Thursday, September 06, 2012

De-natured city girl

What is the black arc in the following photo? Make a guess! [See the bottom of this blog entry for the answer.]


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I grew up in Chinatown, and then moving to HDB units in Bukit Ho Swee and subsequently to other HDB new towns. That is, all my life, I have lived in pretty much city environment. Hence, my knowledge of the animal kingdom is very limited.

On this trip to Banff, I hiked at EM's pace and looked out for wildlife together with her. Here are the photos of some rodents I saw along the way, identified with EM's help.

Red Squirrel

Golden-mantled Ground Squirrel

Golden-mantled Ground Squirrel
(same one as the photo above)

Yellow-pine Chipmunk

American Pika

Clark's Nutcracker (bird) flies

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"If you give a wild animal food, you take away the very thing that makes it special -- its wildness."

When a squirrel isn't "just another squirrel", a "rabbit" is actually a pika [somehow Pikachu comes to mind], a bird isn't "just another bird" but an osprey, and another bird a Clark's nutcracker, somehow the animal kingdom seems a lot more interesting. Somehow the need to retain a natural habitat for this huge variety of life that share this beautiful planet Earth with us seems more important. And given the conflict between human and wildlife needs, the need to consider alternatives to sustain wildlife existence seems a lot more relevant.

Wildlife-crossing (bridge)

The black arc in the 1st photo of this post is actually a tunnel formed by a wildlife-crossing (bridge). The bridge is created to allow wildlife to cross the highway safely (guiding wildlife to use the bridge by fencing the perimeter along the highway); i.e. to reduce road-kill.

8 comments:

  1. They could at least disguise the bridge in a more natural way hehe.

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    1. Hi asingaporeanson,

      Thanks for visiting and your comment.

      From the perspective of a passenger on a vehicle driving through the tunnel, you are probably right. However, the animals' view is different from ours, coming from the forest and seeing the bridge from the landscape above (i.e. lots of trees and grass, etc on the bridge). So I think I cannot make a judgement call here. :)

      Cheers, WD.

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  2. Hello Winking Doll,

    I can see the faint image of a the fence. You are right. from the animals' view, it is definitely different. It is interesting to note we have a similar situation where we have to divide our biggest nature reserve at the heart of singapore into two. That road would be the BKE. It would be nice if they build a similar bridge with this intention back then.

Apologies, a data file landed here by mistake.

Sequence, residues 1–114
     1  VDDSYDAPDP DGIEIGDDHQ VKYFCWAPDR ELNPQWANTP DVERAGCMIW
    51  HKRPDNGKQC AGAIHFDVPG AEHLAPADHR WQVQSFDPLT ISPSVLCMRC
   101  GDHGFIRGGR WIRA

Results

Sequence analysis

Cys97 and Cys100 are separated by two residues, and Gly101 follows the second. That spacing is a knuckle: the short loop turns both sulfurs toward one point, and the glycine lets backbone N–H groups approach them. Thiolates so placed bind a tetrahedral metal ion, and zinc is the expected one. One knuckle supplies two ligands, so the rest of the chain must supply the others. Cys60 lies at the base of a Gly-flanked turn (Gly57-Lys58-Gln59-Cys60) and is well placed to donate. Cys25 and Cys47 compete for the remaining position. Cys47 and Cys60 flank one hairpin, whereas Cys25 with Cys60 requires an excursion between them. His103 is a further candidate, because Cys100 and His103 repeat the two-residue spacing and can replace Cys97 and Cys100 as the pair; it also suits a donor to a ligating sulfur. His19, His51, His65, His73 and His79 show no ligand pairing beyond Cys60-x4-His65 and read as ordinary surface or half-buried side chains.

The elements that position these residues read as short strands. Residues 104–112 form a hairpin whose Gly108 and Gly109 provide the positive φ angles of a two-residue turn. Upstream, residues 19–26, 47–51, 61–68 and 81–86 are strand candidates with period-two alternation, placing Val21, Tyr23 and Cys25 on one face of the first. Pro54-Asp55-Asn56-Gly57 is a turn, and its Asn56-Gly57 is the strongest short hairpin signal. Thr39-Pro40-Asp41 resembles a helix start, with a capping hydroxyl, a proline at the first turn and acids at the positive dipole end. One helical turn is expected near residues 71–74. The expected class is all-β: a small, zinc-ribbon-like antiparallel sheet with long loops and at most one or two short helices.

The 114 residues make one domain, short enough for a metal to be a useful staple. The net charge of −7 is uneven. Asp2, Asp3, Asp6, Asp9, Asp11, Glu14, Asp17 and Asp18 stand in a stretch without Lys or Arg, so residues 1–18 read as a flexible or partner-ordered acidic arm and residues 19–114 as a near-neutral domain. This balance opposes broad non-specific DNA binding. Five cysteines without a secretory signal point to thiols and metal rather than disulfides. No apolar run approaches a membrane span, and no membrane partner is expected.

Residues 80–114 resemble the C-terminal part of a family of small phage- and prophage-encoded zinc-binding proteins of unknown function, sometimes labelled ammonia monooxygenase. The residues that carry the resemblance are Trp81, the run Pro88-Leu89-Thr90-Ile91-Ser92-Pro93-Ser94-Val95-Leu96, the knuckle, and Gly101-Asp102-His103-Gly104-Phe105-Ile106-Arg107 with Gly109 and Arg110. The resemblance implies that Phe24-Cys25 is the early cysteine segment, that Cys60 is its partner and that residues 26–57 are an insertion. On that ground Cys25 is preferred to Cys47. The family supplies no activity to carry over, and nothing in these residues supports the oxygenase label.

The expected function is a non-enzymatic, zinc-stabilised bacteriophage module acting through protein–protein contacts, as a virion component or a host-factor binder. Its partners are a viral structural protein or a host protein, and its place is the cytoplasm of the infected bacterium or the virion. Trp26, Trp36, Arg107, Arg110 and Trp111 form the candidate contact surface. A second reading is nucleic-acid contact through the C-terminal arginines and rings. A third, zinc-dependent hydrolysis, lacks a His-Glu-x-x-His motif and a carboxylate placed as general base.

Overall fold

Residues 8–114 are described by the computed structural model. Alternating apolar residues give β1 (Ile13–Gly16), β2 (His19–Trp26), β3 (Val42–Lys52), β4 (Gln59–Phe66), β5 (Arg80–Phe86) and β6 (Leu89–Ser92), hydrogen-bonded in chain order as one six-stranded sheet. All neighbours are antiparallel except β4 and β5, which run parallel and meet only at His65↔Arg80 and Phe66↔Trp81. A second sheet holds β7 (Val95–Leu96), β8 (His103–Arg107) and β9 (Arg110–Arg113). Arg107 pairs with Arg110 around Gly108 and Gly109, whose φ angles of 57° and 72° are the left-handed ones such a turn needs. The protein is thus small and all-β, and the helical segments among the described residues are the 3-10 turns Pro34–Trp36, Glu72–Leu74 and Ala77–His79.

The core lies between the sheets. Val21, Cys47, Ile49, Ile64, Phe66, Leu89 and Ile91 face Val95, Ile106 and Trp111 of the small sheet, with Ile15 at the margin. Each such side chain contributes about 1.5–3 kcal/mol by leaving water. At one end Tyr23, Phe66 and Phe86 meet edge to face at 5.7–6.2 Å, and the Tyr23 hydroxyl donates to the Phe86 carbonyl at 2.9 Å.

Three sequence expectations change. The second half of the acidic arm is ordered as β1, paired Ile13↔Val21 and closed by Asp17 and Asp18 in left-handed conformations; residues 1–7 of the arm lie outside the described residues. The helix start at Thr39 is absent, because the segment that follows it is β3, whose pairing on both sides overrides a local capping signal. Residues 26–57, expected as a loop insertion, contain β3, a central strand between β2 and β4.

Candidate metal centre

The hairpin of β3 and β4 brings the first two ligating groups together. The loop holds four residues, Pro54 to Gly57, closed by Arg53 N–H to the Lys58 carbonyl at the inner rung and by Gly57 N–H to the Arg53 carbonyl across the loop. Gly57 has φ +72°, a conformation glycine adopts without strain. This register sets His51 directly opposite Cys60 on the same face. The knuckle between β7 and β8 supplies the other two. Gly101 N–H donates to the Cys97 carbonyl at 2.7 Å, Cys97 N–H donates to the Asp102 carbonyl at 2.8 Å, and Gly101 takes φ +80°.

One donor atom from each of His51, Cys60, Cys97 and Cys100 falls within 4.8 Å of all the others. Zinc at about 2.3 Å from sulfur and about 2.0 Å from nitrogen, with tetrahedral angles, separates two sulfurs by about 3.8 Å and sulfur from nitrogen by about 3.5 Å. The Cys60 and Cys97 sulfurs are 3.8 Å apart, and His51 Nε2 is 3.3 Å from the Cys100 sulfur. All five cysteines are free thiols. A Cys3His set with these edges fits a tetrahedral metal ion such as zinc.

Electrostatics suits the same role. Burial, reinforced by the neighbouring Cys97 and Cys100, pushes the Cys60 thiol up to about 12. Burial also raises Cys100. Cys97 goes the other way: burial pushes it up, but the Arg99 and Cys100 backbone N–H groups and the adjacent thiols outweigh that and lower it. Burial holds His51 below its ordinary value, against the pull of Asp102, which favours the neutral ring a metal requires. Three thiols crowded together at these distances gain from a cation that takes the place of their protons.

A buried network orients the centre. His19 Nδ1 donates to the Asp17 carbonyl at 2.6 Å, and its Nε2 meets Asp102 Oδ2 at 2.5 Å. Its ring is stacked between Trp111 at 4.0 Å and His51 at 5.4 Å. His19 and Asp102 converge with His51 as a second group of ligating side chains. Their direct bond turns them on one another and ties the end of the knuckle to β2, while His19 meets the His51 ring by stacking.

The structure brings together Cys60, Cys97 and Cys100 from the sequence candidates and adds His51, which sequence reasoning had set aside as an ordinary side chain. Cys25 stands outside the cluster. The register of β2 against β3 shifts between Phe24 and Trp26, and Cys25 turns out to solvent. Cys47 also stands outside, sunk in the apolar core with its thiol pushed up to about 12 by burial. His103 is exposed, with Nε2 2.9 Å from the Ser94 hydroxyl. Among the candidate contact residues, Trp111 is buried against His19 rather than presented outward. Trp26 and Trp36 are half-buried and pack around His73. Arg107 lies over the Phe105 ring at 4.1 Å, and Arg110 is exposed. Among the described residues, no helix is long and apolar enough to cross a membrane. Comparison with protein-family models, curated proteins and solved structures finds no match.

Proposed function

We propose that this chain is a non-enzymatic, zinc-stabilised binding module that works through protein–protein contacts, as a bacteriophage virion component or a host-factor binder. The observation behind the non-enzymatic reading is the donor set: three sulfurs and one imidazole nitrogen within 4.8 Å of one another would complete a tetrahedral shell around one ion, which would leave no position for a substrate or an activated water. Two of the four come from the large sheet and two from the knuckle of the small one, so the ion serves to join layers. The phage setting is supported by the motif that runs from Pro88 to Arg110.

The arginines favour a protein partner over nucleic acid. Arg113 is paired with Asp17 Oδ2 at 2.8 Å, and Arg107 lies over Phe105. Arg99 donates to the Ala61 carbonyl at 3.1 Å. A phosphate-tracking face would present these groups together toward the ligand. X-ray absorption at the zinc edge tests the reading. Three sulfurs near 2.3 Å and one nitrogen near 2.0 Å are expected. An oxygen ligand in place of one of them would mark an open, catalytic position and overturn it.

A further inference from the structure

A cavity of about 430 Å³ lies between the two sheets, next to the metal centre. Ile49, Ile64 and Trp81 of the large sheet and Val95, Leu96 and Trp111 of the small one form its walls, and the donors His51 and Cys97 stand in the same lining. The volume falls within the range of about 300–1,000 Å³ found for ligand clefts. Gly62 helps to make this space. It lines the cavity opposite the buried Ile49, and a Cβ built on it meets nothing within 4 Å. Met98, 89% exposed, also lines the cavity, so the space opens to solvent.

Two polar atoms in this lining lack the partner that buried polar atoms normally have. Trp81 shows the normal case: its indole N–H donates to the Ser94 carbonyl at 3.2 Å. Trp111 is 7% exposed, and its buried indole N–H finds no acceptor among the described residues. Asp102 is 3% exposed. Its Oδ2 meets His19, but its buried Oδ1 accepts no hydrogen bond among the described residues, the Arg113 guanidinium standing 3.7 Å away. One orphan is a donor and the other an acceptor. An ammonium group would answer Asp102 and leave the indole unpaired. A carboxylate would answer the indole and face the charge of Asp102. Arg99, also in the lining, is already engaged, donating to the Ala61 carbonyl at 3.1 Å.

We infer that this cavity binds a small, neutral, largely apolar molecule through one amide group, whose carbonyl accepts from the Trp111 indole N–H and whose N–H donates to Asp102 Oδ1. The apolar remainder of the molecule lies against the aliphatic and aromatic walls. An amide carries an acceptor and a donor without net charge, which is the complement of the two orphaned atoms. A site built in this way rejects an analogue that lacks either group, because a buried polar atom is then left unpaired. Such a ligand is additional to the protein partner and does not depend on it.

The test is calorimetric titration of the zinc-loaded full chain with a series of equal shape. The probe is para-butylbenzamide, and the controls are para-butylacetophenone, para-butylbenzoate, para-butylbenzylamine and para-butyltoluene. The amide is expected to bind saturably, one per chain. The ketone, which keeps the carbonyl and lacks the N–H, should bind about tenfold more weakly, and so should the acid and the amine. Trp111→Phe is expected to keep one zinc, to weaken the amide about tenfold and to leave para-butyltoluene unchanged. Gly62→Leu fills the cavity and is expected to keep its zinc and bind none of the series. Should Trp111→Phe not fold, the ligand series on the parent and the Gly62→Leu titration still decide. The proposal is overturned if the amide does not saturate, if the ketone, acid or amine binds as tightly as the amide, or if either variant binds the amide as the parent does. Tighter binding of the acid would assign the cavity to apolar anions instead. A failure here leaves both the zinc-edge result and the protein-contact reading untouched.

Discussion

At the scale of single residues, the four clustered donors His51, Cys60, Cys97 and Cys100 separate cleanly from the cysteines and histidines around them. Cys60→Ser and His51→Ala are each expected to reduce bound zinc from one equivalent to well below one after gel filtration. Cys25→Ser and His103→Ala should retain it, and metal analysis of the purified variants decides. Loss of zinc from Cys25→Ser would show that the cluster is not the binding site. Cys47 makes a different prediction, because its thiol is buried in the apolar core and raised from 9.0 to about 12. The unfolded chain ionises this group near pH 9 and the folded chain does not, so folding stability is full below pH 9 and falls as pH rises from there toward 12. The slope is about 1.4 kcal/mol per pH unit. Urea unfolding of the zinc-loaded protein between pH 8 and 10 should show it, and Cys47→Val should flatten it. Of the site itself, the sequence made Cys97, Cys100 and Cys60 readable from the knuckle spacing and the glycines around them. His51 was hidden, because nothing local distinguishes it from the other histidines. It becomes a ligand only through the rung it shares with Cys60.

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    1. Oh, I did not know that the BKE actually split Singapore's nature reserve into 2. If so, it would have been nice if they did build a similar bridge.

      IMHO, the main difference between Singapore and Canada in their approach to policy implementation is that the Singapore government assumes it knows best and ramp-rod its implement down the throat of its citizens/residents in the name of efficiency. In Canada, things take "forever" to change with so many layers upon layers of review (e.g. environmental, impact to the First Nations, etc) and stake-holders petitions. While people may still not agree with the implementation in the end, there is at least considerable amount of time spent airing potential issues and looking at alternatives and/or remedies to minimize the negative impact.

      IMHO, it is a case of efficiency (i.e. Singapore) vs effectiveness (i.e. Canada). There is no right answer, just a case of individual preferences and situational needs.

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    2. Last year they started construction of an ecological corridor to link Bukit Timah and Central Nature Reserves. I guess it's better late than never. http://www.channelnewsasia.com/stories/singaporelocalnews/view/1143970/1/.html

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    3. Hi wanderingsmurf,

      Thanks for visiting and sharing about the ecological corridor. This is fabulous news for nature conservation in Singapore. Yes, better late than never.

      Cheers, WD.

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  3. I saw it myself. They tore down a road of railings, built covered linkways, then tore down the linkway in less than 2 years and dug out the existing drains, put on new drains, build new covered linkway.

    2nd example. there was a carpark near where I live with THREE road humps within 20 metres. It was both ridiculous and comical. The reason why that happened was that HDB installed the first old one years ago. Town council built the middle one, for reason I can't figure out. LTA built the outer most one because in their policies every covered linkway crossing must come with a hump. So there, you have 3 humps in 20 metres.

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    1. Much ado about nothing comes to mind, hahah! :D

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